Is there such thing as a good quality compressed/uncompressed MP3 format? Do all MP3 audio has to be compress or is that just how the nature of MP3 format should be? Because in these days, I always see people downloading MP3 musics and listen to MP3 musics on iPod and iPhone or on their PC. If I decode these MP3 musics to PCM uncompressed format, would I still be able to listen on something like an iPod or iPhone and the music quality would also improve without any background noise??

What about MP4? I also heard of MP4 audio lately. Is MP4 format also being compressed and is it any better than MP3 format??

Also, when you say digital is limited to 2.0 PCM, you meant that digital would only work with 2.1 speakers systems or with only 2 speakers and not 5 speakers and not even 7 speakers??? If that's the case then this means that my GigaWorks G550W 5.1 speakers system would not be able to output 2.0 PCM via digital?
September 30, 2009 6:46:50 PM

Once a lossy audio format is compressed, even if you uncompress the audio, you retain the lost quality. IE, if you uncompress a MP3 back to WAV, you still only have MP3 quality. MP4 works the same way, although there are other changes as well.

Right now, the format I tend to use is called FLAC. Its compressed, but lossless, so it doesn't lose quality.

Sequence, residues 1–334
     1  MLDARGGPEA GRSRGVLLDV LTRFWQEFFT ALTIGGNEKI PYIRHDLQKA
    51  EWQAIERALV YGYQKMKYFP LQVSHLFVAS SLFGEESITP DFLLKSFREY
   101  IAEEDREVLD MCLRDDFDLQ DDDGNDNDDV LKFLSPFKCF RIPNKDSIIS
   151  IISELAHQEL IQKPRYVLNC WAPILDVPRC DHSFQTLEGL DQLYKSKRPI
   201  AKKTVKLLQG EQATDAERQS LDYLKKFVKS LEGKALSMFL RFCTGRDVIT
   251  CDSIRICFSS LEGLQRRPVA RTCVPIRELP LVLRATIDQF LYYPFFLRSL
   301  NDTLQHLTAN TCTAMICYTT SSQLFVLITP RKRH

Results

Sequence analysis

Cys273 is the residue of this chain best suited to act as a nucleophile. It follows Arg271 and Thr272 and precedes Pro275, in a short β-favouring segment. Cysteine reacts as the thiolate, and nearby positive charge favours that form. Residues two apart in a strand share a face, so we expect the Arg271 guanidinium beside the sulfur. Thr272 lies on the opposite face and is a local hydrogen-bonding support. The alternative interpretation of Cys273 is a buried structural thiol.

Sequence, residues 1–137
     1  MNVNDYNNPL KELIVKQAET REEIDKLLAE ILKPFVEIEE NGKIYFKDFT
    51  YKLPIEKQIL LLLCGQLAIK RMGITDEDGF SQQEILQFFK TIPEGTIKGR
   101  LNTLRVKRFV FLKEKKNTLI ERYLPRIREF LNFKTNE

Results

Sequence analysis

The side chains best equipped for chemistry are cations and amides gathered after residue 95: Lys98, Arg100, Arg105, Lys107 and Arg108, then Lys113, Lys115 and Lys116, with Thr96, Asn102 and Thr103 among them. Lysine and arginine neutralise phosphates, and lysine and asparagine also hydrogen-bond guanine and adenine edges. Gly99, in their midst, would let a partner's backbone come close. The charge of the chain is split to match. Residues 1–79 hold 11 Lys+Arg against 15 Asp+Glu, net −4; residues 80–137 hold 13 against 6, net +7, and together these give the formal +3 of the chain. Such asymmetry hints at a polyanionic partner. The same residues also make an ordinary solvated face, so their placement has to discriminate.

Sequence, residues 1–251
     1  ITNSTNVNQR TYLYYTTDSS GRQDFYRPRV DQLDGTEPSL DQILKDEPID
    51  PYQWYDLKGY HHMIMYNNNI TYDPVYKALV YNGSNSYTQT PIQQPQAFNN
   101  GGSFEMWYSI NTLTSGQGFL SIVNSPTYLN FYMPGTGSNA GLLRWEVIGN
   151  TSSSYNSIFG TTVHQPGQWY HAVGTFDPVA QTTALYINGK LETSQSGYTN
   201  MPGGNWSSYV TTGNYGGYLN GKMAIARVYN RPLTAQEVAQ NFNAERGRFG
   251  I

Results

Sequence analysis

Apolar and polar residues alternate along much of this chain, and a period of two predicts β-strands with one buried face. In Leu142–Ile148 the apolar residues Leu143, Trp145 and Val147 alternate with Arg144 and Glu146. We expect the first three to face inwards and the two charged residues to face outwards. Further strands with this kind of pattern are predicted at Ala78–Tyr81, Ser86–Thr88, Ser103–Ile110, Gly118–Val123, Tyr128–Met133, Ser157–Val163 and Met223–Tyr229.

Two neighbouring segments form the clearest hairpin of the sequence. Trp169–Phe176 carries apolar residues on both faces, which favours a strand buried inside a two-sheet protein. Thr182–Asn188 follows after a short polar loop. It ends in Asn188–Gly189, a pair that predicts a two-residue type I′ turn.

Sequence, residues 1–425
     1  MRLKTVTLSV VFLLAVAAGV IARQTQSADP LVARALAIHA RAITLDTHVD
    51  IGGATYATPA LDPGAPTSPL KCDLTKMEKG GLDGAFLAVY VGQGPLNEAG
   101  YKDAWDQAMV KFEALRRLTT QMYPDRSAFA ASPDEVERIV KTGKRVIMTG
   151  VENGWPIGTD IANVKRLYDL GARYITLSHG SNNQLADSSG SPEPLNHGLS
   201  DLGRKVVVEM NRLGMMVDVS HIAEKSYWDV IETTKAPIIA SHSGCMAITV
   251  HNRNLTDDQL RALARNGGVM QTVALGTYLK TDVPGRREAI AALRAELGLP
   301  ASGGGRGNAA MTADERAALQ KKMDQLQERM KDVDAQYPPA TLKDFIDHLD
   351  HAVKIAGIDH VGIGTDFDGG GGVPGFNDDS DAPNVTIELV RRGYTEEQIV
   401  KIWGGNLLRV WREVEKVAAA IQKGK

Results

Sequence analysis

As for you're last question: Due to limitations of SPDIF (the standard method of digital audio transmittion), only 2.0 PCM, or 5.1 Dolby Digital/DTS can be transmitted. Its simply because SPDIF doesn't have the bandwidth to carry larger formats. HDMI can carry up to 7.1 (and beyond) without issue though.

As for hookup of the speakers; all digital audio will be converted to analog when sent to you're speakers. And since PC's rarly use Dolby Digital/DTS, you don't need to worry about decoders.

-------------------------------------------------------------
I've clearly overcomplicated this...So I'll retreat to the first post:

1: If you have no interest in listening to 7.1 formats on blu-ray disks, the HDAV 1.3 (or any other HDMI output) serves little purpose.

2: Output via a Videocards HDMI is more limting then using a soundcard

3: The Fatality Pro may be a bit older, but more then enough to go with you're speakers. Just plug in and everything should work fine.
October 15, 2009 1:29:58 PM

gamerk316 a big "thanks" from me for the info...
lately I try to learn more on HTPC and in particular on sound part, so the info you supplied to this thread was very useful!
10x again :) 
October 15, 2009 4:53:24 PM

^^ The best part is I got yelled at earlier this week for not understanding how Creative's CMSS3D works; even I'm still learning.

But yeah, for analog, most of the Encoding/Decoding stuff can be ignored. For digital though, you need to walk into the relm of Encoding/Decoding, SPDIF, etc.

Its a shame SPDIF can't carry a 5.1 connection as uncompressed PCM; that would eliminate most of the hardware requirements for digital 5.1...
!